Those studying for postgraduate arts qualifications should ask not what the job market can do for them, but what they can do for the job market.
According to Karin Jordan, MA programme leader at Plymouth College of Art, “there aren’t always navigable routes to jobs any more. It’s a massively changing landscape, and that brings challenges but also opportunities”. Jordan’s students are therefore encouraged to “forge new ways of earning a living. They learn to be entrepreneurial and enterprising, and to think about what their creative practice can deliver for contemporary society”.
They might, for example, become ‘locopreneurs’ – entrepreneurs who work in a sustainable, local way; or ‘digipreneurs’, looking at digital markets; or ‘socialpreneurs’, who solve a social problem. “There are new markets and developing modes of working,” explains Jordan.
Tapping into these is Claire Crompton, a second-year student on Plymouth’s MA in entrepreneurship for creative practice. Crompton launched the Wool Directory (wooldirectory.org.uk) in partnership with the Centre for Contemporary Art and the Natural World. “She realised that there was no one place that textile creators could go to find out who produces what fleece,” Jordan explains. "She also saw that people are looking to buy things in their local area, so she set up the Wool Directory for the South-west, and is now expanding into other regions.”
But while Crompton is proof that students can create their own employment opportunities, entrepreneurship is not for everyone. Jordan admits that it takes “business nous and chutzpah”. For those who prefer PAYE, she says, some vacancies are advertised, despite the cuts. In fact, there are more arts jobs now than there were this time last year, according to research from the Higher Education Statistics Agency. “Their Annual Destination Data shows that employment outlooks for arts graduates got better over the last 12 months.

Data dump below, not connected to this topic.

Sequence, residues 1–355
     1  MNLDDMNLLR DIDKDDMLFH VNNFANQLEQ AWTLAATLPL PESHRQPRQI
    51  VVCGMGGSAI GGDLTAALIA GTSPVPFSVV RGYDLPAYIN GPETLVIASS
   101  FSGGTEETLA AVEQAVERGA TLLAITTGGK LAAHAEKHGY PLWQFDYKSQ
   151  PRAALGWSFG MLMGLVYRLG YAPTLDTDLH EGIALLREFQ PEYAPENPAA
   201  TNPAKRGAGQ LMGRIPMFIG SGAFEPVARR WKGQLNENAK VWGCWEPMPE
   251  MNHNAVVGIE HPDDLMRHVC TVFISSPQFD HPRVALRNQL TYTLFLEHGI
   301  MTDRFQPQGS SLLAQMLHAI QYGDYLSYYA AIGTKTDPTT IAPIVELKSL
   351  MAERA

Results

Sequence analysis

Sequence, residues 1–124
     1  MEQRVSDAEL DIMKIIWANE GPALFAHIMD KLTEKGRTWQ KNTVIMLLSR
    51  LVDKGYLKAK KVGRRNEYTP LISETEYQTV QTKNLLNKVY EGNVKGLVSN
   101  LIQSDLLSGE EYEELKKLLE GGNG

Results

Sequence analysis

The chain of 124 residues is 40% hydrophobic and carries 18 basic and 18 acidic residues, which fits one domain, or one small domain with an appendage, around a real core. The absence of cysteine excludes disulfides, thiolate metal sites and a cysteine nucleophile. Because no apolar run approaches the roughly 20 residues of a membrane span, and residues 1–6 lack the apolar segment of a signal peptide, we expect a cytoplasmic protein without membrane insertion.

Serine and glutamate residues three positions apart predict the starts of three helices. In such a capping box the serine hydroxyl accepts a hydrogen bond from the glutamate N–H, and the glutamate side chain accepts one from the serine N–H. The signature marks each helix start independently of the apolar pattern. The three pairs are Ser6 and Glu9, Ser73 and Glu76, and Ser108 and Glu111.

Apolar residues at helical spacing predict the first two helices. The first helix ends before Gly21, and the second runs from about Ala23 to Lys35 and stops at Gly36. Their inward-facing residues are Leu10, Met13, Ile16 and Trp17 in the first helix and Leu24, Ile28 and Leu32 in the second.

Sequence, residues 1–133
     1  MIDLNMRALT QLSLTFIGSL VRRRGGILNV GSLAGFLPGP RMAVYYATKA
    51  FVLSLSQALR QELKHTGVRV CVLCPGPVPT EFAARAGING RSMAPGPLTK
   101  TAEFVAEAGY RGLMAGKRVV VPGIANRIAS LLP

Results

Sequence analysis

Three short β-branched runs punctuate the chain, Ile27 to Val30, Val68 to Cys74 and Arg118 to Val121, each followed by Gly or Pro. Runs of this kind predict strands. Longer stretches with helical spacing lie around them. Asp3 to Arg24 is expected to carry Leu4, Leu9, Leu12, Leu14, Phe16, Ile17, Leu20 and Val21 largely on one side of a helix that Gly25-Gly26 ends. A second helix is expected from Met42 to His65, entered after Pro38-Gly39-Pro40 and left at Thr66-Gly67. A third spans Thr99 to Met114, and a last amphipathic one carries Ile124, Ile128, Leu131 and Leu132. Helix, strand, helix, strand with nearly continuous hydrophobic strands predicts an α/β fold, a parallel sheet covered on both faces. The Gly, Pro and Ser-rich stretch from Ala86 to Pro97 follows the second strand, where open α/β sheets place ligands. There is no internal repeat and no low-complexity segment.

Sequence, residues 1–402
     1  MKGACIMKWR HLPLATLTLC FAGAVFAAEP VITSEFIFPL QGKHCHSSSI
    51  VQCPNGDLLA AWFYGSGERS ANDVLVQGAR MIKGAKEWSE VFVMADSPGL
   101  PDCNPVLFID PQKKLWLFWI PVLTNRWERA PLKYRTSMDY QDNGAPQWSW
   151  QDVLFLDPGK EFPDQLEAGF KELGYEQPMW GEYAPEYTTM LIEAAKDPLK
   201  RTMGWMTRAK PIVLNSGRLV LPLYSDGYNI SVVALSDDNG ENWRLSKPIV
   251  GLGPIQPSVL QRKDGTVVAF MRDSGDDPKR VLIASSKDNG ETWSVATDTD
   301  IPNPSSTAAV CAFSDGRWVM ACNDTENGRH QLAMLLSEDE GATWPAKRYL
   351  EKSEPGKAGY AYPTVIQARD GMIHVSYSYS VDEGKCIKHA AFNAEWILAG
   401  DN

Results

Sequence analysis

Unemployment went down, employment went up,” says Charlie Ball, deputy director of research at the Higher Education Careers Service Unit. However, the value of a postgraduate arts qualification is statistically negligible. Most postgraduates go into entry-level jobs, where competition is fierce and experience counts for more than letters after your name. “Generally, postgraduate arts qualifications don’t open new doors,” says Ball. “What they can do,” he adds, “is open them wider.”
This is borne out by a 2010 report from the Council for Industry and Higher Education, which interviewed 100 senior managers. While 70 per cent acknowledged that postgraduates bring new ideas and an ability to innovate, less than 50 per cent felt a postgraduate qualification guaranteed a high-calibre candidate with leadership potential.
However, a recent study by the Arts and Humanities Research Council shows that arts postgraduates are in high demand in education, the public sector, and the creative and financial industries. Among those with PhDs in these fields, only 1.5 per cent are unemployed; among Masters graduates, the figure is 2.5 per cent.